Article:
Three tanker trucks collide on a highway and their skins split open and pour their contents onto the road. One is filled with peanut butter. Another is filled with chocolate. The third is filled with marshmallow.
The result is the creation of a universally beloved candy bar. (And everyone survives the crash, including a little baby found on the scene but apparently not connected to the accident. The Miracle Baby, nicknamed Sweetness, becomes the face of the new candy bar and .000001 percent of all profits go into her education fund for college.)
The combination captures the public imagination and pretty soon the Internet is flooded with recipes for chocolate-peanut butter-marshmallow brownies, cookies, sandwiches, facial cremes, bath-ware and T-shirt designs.
A famous interior designer centers his whole creative season on this color scheme, as does a well-known, but recently unappreciated, fashion designer.
Several years later, Detroit’s car makers offer this color scheme on a limited number of vehicles for an extraordinarily high premium fee. Japanese automakers have been offering the same color scheme for free only a week after the now-legendary collision.
The San Diego Padres adopt the brown-tan-and-white color scheme for their uniforms and within a year manage to rise one position above last place in their division.
Okay. None of this has happened. As far as I know.
It started this morning as I was thinking “Gee, a great narrative can really spark the public imagination and move product.” In other words, a good story sells.
Oh sure, you can be cynical about it and make up a good story, as I just did. But I prefer a true story. Most people do. And if it moves people and inspires them to buy a product, so be it.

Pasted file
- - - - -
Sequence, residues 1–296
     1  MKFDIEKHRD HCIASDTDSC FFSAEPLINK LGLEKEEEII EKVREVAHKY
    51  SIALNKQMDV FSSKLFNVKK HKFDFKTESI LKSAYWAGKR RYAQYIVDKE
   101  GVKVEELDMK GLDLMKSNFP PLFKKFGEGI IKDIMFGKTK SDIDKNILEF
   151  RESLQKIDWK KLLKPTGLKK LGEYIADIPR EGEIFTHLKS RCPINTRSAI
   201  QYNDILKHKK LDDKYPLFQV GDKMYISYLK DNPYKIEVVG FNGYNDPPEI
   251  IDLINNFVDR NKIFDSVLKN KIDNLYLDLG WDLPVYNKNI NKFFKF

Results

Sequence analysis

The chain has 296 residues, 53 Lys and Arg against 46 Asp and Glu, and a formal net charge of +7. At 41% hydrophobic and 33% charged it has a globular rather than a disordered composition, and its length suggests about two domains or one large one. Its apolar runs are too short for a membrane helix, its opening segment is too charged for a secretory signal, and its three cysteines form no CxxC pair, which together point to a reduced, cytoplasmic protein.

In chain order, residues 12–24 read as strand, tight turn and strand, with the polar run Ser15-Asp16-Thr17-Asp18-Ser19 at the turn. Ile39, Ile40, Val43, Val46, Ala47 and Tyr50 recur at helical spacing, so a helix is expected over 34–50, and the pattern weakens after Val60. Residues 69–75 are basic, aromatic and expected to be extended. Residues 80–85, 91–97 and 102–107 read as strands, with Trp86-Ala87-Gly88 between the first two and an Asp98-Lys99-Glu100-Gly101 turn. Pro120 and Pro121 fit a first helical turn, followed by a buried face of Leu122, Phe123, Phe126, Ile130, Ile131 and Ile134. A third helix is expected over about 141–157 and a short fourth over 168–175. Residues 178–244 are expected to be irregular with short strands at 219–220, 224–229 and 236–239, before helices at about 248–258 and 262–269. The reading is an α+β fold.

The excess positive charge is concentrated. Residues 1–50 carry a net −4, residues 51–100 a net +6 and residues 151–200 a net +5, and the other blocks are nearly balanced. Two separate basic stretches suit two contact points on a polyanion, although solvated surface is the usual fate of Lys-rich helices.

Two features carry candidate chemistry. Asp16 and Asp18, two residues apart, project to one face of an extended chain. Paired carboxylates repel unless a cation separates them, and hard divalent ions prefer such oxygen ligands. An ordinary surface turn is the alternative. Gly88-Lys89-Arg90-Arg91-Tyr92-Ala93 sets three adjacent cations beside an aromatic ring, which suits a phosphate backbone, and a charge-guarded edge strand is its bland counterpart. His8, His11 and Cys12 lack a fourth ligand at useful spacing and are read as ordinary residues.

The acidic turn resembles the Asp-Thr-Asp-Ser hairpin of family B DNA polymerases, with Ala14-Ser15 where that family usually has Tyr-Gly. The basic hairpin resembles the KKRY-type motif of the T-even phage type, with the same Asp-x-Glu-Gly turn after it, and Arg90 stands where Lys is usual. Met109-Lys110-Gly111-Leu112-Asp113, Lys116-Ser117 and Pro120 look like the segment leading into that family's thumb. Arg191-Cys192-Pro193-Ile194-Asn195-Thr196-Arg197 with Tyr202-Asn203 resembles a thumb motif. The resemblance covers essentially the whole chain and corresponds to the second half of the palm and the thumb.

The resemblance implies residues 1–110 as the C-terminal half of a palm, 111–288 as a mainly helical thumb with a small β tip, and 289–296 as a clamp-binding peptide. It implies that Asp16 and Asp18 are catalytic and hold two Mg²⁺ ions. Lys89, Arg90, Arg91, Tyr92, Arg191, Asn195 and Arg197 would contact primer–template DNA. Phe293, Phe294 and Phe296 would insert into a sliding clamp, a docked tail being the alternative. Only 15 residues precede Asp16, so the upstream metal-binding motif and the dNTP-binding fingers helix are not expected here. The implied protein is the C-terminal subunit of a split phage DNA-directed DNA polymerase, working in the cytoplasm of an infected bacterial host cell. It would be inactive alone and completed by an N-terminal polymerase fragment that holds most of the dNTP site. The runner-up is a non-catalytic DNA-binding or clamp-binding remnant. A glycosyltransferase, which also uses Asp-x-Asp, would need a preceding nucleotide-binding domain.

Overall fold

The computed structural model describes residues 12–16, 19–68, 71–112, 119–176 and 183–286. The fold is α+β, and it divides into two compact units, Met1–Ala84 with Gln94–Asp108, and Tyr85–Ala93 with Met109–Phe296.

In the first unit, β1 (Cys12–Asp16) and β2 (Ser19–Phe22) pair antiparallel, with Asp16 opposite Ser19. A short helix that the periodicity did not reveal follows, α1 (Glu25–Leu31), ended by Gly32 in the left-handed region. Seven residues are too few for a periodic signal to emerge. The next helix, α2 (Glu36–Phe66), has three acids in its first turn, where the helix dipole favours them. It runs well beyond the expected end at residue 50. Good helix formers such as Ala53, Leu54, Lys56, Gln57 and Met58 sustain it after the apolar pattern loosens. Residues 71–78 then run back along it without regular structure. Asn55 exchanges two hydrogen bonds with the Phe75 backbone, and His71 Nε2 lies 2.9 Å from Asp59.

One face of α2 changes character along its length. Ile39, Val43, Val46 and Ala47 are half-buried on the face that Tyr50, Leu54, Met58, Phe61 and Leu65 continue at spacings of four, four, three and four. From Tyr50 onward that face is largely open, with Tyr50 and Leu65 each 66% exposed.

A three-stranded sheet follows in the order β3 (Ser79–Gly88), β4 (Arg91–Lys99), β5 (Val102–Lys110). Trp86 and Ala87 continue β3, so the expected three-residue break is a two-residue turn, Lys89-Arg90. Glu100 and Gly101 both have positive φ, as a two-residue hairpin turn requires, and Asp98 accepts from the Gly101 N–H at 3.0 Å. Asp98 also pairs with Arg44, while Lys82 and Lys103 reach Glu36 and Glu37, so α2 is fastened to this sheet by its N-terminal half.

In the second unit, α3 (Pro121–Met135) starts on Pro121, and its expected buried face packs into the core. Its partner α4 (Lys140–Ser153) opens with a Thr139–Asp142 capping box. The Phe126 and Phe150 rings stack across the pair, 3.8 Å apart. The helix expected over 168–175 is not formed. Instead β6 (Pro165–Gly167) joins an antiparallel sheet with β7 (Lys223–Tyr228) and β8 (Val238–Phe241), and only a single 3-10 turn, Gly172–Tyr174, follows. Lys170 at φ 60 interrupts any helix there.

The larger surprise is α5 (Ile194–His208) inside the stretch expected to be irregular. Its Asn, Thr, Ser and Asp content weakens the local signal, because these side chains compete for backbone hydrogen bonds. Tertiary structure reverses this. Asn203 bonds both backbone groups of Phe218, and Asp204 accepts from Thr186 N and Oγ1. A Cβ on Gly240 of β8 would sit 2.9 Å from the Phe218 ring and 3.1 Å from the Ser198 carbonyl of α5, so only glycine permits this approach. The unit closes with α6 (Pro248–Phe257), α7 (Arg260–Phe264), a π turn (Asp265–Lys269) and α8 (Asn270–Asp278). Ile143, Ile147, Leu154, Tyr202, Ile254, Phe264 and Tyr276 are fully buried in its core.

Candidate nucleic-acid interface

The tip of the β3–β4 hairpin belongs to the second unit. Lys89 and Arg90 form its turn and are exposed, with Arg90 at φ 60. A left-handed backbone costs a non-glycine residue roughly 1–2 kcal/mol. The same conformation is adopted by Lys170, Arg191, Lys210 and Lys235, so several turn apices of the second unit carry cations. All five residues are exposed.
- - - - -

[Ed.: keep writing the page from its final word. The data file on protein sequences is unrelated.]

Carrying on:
Take beer. There aren’t many great narratives out there behind popular beers.
Oh, there’s the one where Alexander Graham Bell accidentally spills orange juice into his beer and shouts “Holy, shit, Watson come in here and taste this! And hurry up, you’re missing the game.”
This morning, though, a San Pedro Scoop blog post from Belize – bet you were wondering if I would ever get around to it –about a new beer almost had me teary eyed.
Not the part about the unveiling of the 2014 Belikin Beer swimsuit model calendar.
The part about a special limited distribution batch that is being brewed in honor of the May 2014 wedding of the youngest daughter of the late-owner of Belikin beer, Sir Barry Bowen, by her brother Michael.
Bowen and Bowen Ltd. distributes just about everything that is imbibed in Belize – Crystal bottled water, Belikin beers and Guinness, Cocoa-Cola products, among them. Sir Barry was also into national politics, eco-tourism, organic farming, aquaculture and cocoa and coffee growing.
Several years ago, the very popular Sir Barry died when a small Cessna plane he was piloting crashed on approach to San Pedro Town’s airport on Ambergris Caye. He was only 64 years old. The tragic crash killed four others in the plane. Sir Barry, a seventh generation Belizean, was accorded a state funeral attended by the prime minister, among other dignitaries.
Now, as youngest daughter, Courtney, prepares to marry, her brother Michael is using their father’s favorite strain of hops to brew up a special beer for her and the public, in memory of their father. For a limited time.
I found this moving. And since we shall be living in Belize well before May I intend to acquire some bottles of this brew and drink them in honor of the Bowen family. My impression is that the Bowens are as close to a royal family as Belize will ever have. And as a former British colony, I suspect Belizeans embrace royal weddings as much as the English do.
Well, we’ll find out, won’t we? Meanwhile, what I can say, from first-hand experience, is that Belikin beer is the perfect beverage for Belize – light, sunny, breezy and refreshing. And cheap.
Although the 12 ounce bottles are pretty damn small for real beer drinkers.